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USDA tightening buy-American policy for school lunches

April 18, 1997

WASHINGTON (AP) _ The Agriculture Department is developing stronger safeguards to ensure that foods used in the federal school lunch program are produced within the United States.

Frozen strawberries imported from Mexico are believed to have caused an outbreak of hepatitis A among 187 Michigan students last month. U.S. law requires USDA commodities served in the school lunch program to be grown domestically.

It still is not known whether the fruit was contaminated in the field or during processing at a southern California plant, Mary Ann Keeffe, acting undersecretary of agriculture, told the House Economic and Educational Opportunities youth subcommittee on Thursday.

But Fred Shank, director of the Food and Drug Administration’s Center for Food Safety and Applied Nutrition, testified the strawberries were grown in highly unsanitary conditions.

Shank said ``some troubling problems″ were disclosed when the FDA inspected the Mexican fields March 31, less than a week after the hepatitis outbreak was discovered.

``These included open and unlined pit privies (toilets) immediately adjacent to the fields,″ he testified. ``There were too few facilities for the crews to practice proper sanitation practices. There were no hand-washing facilities.″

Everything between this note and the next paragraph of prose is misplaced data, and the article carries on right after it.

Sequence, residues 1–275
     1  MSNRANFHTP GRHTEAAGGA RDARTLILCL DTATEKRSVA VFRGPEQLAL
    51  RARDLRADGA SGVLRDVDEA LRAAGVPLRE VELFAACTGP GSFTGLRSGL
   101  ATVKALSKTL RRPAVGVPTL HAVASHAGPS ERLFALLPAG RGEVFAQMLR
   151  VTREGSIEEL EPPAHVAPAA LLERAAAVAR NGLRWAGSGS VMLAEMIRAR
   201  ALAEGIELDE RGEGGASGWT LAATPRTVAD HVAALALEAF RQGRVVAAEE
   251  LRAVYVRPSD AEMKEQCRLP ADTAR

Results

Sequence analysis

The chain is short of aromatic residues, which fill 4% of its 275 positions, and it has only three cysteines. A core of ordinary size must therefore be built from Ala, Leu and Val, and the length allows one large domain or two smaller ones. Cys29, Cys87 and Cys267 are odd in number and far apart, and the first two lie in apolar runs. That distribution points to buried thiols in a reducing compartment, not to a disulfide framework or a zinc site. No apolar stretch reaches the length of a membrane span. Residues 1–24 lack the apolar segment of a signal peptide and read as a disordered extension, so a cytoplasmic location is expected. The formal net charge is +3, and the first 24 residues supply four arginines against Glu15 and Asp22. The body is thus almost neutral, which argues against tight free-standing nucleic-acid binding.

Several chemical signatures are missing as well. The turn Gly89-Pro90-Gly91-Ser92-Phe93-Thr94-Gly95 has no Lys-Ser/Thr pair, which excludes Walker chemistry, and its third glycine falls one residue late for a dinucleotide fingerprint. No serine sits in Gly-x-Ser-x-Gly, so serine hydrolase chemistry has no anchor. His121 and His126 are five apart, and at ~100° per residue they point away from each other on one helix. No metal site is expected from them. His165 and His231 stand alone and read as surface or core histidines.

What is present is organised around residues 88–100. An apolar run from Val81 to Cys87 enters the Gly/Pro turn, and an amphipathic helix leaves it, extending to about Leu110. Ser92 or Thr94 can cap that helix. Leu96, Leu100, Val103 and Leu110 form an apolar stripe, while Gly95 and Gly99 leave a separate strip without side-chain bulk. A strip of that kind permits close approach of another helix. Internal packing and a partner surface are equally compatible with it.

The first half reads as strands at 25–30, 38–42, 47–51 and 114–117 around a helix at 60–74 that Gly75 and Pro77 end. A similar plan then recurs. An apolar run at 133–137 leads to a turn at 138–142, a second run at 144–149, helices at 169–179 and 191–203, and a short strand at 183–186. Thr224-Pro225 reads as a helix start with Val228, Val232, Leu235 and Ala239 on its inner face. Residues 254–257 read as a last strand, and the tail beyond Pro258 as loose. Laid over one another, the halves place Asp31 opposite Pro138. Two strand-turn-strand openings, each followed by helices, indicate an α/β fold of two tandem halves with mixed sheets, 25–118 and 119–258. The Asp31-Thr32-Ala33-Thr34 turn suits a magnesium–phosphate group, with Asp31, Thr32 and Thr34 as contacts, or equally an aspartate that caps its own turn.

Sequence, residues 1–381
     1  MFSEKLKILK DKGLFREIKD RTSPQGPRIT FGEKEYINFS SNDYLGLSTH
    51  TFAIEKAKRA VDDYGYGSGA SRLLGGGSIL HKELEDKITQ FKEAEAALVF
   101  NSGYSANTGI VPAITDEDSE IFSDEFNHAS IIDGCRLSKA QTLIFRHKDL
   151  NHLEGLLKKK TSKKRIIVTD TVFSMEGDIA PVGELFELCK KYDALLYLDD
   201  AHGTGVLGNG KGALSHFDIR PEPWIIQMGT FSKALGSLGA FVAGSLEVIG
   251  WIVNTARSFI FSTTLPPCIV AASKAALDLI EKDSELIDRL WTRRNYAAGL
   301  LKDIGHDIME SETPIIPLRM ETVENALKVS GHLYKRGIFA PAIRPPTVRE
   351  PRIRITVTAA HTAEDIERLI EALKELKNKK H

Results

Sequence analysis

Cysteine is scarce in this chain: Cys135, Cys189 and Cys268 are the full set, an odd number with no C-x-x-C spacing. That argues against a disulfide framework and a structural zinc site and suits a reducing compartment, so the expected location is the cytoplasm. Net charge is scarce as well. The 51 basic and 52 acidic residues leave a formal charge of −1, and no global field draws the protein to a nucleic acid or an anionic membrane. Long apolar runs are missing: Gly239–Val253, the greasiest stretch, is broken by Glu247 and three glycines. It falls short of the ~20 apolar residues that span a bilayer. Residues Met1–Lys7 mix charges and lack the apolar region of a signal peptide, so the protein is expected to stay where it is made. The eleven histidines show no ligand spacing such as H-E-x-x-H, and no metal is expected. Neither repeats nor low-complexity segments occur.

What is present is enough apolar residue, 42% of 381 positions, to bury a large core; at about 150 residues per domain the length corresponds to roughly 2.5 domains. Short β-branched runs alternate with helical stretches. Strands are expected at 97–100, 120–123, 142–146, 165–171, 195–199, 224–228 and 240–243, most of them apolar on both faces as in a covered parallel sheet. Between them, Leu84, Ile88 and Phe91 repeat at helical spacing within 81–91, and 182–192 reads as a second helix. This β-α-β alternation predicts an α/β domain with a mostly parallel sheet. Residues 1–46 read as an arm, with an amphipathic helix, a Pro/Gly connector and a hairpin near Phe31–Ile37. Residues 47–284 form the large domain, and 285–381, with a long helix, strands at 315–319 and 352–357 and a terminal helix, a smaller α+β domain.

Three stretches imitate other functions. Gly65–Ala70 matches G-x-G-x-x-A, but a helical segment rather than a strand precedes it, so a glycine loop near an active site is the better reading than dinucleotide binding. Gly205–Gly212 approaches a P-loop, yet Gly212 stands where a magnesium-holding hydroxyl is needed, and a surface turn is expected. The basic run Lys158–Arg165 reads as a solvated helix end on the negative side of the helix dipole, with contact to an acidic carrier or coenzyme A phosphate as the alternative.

The Mexican government has denied responsibility for the outbreak. Nevertheless, Shank said, a meeting was being organized within the next week or so in Tijuana, Mexico, to resolve the sanitation problem.

Participants will include officials of the FDA, USDA, the Centers for Disease Control, the state of California and growers from Canada and the United States.

The Mexican strawberries slipped into the U.S. school lunch program despite USDA requirements that suppliers certify in writing that commodities were grown within the United States and random USDA audits of their origin.

``This incident has caused us to step back and say, in fact are we doing everything we possibly can to ensure the domestic origin of the product we are buying,″ acknowledged Ken Clayton, deputy administrator of the USDA’s Agricultural Marketing Service. ``Our conclusion at this stage is that we can do more.″

Clayton said that in addition to the vendor certification and USDA audits, the marketing service has begun requiring additional information such as packing dates, lot numbers, country of origin and a variety of identifying marks.

``Basically, we’re laying out a road map so that we’re able to fully trace back the origin of the product,″ he explained, promising further random audits to ensure the information is correct.

Clayton also said the service is intensifying its vendor compliance program, emphasizing the USDA domestic-origin policy and the penalties for violating it.

USDA officials told the subcommittee the department is working with the Justice Department to determine if there was any criminal fraud in the case.

Providing false statements concerning the origin of a product is a criminal offense, punishable by up to five years in prison and significant fines. Civil penalties include debarment from federal contracting and the loss of license to sell perishable agricultural commodities.